Conference call did not inspire confidence


Technically, the Ontario Provincial Police is not supposed to be in the business of winning over the hearts and minds of Brockvillians.

As OPP officials have stated, repeatedly, throughout this costing process, they are here to present the facts: an objective proposal that captures the true cost of policing this city.

But politics infiltrates everything, and it would be naive not to think the OPP, like any government body, has a natural internal momentum toward expansion. They would, fundamentally, prefer to police Brockville, as opposed to not policing it, if given the chance.

If anyone at the OPP is therefore concerned about how the provincial force is perceived among Brockvillians, he or she is probably inclined to look at yesterday's contact committee meeting as a PR flop.

The commentsphere (which is, let's remember, populated in large part by supporters of the municipal police) is now making a deal of the fact the OPP was only present at last night's meeting via teleconference.

Sgt. Michael Milner, an analyst with the provincial force's municipal policing bureau, was the only OPP official participating in the meeting, doing so from a long distance.

Members of the pro-city-force group Citizens Offering Police Support (COPS) objected not only to this, but also the way the main council chamber was configured to accommodate the conference call.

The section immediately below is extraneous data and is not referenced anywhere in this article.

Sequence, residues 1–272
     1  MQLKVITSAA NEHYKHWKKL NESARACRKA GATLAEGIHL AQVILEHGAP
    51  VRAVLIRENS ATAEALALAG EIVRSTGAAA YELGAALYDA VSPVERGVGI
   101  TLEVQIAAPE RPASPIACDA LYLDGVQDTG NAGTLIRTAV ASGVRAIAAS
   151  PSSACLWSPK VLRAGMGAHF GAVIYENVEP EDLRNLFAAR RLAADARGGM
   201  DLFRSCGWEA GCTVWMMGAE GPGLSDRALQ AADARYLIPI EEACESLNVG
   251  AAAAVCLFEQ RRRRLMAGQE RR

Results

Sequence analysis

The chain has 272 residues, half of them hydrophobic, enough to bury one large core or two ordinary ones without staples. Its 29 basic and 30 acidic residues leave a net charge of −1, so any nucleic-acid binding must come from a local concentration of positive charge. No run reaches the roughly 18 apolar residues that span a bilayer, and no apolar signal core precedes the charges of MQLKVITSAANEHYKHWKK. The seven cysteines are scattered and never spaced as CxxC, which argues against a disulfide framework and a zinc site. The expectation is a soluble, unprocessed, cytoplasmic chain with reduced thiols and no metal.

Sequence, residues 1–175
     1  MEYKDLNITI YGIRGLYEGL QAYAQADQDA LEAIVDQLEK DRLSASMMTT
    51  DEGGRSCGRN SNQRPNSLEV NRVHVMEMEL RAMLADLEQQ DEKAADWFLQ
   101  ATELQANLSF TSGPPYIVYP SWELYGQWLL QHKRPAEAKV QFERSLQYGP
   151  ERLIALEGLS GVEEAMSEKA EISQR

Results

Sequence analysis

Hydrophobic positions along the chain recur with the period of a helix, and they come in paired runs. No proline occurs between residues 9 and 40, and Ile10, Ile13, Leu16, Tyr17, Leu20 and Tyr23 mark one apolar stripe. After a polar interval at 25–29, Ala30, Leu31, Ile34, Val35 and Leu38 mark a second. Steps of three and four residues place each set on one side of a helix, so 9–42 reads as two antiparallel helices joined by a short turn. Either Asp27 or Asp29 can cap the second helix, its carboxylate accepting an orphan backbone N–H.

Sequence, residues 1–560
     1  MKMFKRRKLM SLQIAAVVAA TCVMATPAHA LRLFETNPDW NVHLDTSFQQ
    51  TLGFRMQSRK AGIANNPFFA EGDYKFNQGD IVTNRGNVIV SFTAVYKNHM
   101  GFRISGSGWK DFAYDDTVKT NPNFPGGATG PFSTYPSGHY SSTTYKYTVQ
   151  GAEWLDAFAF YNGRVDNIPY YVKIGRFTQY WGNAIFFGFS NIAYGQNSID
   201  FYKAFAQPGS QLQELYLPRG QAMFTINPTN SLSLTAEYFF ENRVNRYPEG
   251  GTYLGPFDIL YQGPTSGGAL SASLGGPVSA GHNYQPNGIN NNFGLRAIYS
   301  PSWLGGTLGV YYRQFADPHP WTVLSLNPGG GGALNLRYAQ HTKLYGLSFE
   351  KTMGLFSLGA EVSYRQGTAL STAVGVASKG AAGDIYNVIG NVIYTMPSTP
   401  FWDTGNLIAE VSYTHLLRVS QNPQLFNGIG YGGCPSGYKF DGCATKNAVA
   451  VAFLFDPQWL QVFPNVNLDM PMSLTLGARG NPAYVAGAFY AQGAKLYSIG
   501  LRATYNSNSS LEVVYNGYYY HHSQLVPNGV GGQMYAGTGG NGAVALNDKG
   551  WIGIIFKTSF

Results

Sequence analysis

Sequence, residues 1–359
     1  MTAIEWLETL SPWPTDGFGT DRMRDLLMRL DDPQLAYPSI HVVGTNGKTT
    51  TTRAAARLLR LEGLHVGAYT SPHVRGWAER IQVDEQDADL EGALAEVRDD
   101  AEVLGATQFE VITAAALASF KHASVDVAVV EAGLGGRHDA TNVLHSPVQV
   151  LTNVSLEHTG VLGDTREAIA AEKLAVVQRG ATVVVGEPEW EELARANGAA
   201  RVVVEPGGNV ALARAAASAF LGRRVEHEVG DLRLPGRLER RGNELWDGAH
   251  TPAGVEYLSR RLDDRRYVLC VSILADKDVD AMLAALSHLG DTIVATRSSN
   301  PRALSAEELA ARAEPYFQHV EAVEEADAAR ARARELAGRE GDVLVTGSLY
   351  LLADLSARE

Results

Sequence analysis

The room was arranged, as they saw it, in concentric circles, with the teleconference speaker at the centre, the contact committee around that, and everyone else – city police brass, the press and the public – forming the outer circle.

This was probably an accident of convenience. And to be honest, we are at a stage in this costing process where people are still collecting information, rather than divulging it.

The more disturbing impression this configuration encouraged, if you favour giving the OPP a fair shake, was the notion that OPP policing might sometimes be a teleconference kind of thing.

The OPP is, after all, the provincial police force. Its top brass are elsewhere in the province, and, unlike the current city police force, the commanders of a Brockville OPP detachment would sometimes have to consult with higher brass in Smiths Falls or even Orillia.

Monday's meeting obviously left some audience members with the impression that, were there a crisis in Brockville, the OPP might manage it by teleconference.

That would be an unfair impression, of course. But like I said, politics has a way of infiltrating everything.

If their aim is to keep things focused on the numbers, the OPP would be wise to be here to present the facts.